It's been a three-year struggle to get any real boxing competition going at the Utah Summer Games, but Tuesday night's effort indicated that the sport can be a success - for the participants, audience and organizers.
Boxing lasted only a few matches in the inaugural 1986 Summer Games before the competition was scratched. Last year, the sport was knocked out even before it started - some saying for want of competitors, others for a ring.Anyway, that's all history, with all the 1988 obstacles - still relatively few boxers, continued organizational scrambling, and another threatening rainstorm - overcome enough about to bring six matches, with gold medals riding on the outcome. Wednesday night's second and final slate is expected to feature seven more gold-medal matches.
Roger Pulivo, a volunteer boxing coach at Ogden's Marshall White Center and the state's vice president of the USA American Boxing Federation, was performing triple duty Tuesday night as the makeshift boxing coordinator for the Games.
The past problems are understandable, given the financial considerations of the young boxers. "The majority of these kids come from low-income families, some from middle-income families," Pulivo said. "They don't come from families whose parents can fork out $400 or $500 dollars and say `have a good time.' "
First, all boxers have to pay $10 for their USA/ABF registration, plus another $10 fee for Summer Games. Then add in the transportation, lodging and meal costs. "You're talking about each kid paying an average of $50 to $80," he said.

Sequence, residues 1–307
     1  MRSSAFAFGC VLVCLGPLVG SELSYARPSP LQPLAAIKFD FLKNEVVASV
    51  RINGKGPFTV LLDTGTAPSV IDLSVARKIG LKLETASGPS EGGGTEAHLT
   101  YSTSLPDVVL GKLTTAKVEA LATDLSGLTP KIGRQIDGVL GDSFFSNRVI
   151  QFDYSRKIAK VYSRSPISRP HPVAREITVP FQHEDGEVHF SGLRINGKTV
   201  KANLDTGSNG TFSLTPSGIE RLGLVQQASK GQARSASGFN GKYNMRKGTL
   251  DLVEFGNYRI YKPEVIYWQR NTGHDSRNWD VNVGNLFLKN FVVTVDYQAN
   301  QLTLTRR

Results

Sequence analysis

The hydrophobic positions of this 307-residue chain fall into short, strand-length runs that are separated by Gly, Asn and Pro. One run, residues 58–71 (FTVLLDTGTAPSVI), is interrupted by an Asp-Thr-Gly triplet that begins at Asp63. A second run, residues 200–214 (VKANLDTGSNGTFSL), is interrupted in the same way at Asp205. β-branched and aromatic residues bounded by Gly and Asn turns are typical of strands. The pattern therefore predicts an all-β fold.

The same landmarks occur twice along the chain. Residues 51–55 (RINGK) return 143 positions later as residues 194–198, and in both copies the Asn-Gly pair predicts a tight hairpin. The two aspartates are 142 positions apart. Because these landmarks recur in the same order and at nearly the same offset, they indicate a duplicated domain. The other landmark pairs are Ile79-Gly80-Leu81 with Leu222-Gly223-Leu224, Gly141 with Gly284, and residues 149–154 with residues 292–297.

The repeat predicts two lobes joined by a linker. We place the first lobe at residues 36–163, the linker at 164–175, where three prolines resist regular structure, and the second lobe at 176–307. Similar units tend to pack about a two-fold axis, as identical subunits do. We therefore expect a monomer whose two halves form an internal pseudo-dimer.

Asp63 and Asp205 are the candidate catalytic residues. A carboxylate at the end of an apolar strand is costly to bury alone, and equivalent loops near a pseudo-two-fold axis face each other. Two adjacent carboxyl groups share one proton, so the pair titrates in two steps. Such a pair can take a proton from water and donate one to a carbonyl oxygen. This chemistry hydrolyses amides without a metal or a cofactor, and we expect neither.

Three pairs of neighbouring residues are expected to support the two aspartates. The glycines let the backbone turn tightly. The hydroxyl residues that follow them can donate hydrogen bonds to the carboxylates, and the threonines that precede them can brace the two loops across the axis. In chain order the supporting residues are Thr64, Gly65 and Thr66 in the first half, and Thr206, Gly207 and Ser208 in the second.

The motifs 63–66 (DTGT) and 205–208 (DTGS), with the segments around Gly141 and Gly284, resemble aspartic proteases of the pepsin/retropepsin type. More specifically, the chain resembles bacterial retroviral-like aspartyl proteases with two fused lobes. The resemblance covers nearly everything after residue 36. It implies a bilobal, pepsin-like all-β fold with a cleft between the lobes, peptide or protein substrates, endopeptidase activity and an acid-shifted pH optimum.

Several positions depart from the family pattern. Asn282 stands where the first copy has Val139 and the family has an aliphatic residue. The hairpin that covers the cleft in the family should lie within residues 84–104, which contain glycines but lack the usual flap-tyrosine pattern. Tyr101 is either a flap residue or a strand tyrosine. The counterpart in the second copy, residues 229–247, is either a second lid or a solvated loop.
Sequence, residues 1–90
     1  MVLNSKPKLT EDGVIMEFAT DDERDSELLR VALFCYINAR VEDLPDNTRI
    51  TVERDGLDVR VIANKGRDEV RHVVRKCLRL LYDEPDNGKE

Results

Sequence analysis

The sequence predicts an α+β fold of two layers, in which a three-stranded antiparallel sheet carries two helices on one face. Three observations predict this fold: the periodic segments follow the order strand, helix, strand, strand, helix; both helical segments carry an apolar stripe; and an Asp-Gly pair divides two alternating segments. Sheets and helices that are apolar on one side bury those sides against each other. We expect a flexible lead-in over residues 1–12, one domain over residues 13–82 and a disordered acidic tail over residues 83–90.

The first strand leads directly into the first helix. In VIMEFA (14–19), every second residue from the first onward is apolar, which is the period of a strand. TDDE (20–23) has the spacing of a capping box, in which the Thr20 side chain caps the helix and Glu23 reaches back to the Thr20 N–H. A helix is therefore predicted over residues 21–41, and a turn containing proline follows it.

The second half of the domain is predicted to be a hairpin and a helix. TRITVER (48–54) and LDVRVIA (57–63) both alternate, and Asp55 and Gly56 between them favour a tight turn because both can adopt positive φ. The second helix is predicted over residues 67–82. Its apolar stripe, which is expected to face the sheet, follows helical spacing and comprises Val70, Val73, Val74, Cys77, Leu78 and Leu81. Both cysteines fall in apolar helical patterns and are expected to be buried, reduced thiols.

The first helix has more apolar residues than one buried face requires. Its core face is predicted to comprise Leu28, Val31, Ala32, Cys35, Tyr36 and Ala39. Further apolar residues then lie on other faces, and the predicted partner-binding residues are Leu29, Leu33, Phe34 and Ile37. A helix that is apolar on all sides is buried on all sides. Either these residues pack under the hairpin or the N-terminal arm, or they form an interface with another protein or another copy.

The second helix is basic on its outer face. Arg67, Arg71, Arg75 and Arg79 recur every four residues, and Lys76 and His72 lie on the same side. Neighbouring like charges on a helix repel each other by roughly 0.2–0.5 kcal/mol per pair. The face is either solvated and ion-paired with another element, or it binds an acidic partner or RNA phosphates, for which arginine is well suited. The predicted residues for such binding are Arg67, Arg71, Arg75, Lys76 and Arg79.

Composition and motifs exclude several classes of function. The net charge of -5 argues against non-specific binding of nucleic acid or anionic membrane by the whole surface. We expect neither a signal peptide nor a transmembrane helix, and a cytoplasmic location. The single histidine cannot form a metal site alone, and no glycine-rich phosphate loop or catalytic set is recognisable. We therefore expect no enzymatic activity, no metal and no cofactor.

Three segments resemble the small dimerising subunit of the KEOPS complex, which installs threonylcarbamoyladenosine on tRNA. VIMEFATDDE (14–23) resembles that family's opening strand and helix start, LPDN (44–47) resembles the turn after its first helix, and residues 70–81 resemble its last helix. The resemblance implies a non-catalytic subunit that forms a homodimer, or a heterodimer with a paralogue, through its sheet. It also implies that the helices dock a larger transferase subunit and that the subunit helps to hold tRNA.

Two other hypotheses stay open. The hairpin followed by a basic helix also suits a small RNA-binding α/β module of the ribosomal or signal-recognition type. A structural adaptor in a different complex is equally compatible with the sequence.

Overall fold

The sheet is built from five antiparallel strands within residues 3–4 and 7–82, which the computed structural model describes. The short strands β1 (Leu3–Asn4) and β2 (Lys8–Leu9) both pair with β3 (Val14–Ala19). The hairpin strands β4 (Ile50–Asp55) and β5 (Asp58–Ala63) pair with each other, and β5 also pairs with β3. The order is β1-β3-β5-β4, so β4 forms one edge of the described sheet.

For the Ogden boxers, the city recreational department helps with support, the the boxers themselves organizing three boxing shows a year to send proceeds back to the city. "Without the city's support, we wouldn't be here," Pulivo said.
Pulivo and his wife, Rita, who was working the corner for four fights and shifting over as a ringside fight judge for the other two matches, represent the efforts of the coaches and supporters.
Roger is a supply clerk at Hill Air Force Base, who took on the boxing coach's role some five years ago when the city of Ogden threatened to abolish the program as a cost-cutting measure. A former Marshall White Center boxer himself who went on to reach all-Army status as a 119-pound bantam fighter in Europe during the '70s, he schedules his vacation and leave to coordinate with out-of-town boxing trips for the Ogden youth.
Meanwhile, Rita has to take leave of her job as a beautician to join the entourage. She and her husband brought nine young boxers to Cedar City this week - just two weeks after taking a contingent to the Junior National regionals in Arizona.
Making the rounds at ringside before tuesday night's matches got underway, Pulivo seemed determined to make this year's boxing competition a success, citing the 100th anniversary of amateur boxing. "This is a unique opportunity for the kids to compete during the 100th anniversary year and also box in an Olympic-type setting."
That Olympic-type setting Tuesday night was at Southern Utah State College's Thunderbird Stadium. Rich Wilson, the Games' executive director, was on hand to lend moral support, to watch what was hoped to be a succesful effort, and to set up extra chairs for the incoming crowd.
Officials scrambled to find someone to sing the national anthem - no matter that there wasn't a flag in sight. Referee Jay Fullmer ultimately volunteered and offered a spirited rendition before officiating the first fight - between a pair of 70-pound youngsters.
After the first couple of matches, the crowd became comfortable with cheering and encouraging, which added to the atmosphere. And boxing proved to be perhaps the top spectator sport so far in the first two days of the '88 Games. Consider that a mere 12 boxers drew an audience of 300-plus - that's the best participant-spectator ratio so far in Cedar City.
"This is a good start," said Pulivo. "We're getting our feet wet. This will get better and better."
After the first couple of confusing years, boxing at the Summer Games certainly can't get much worse.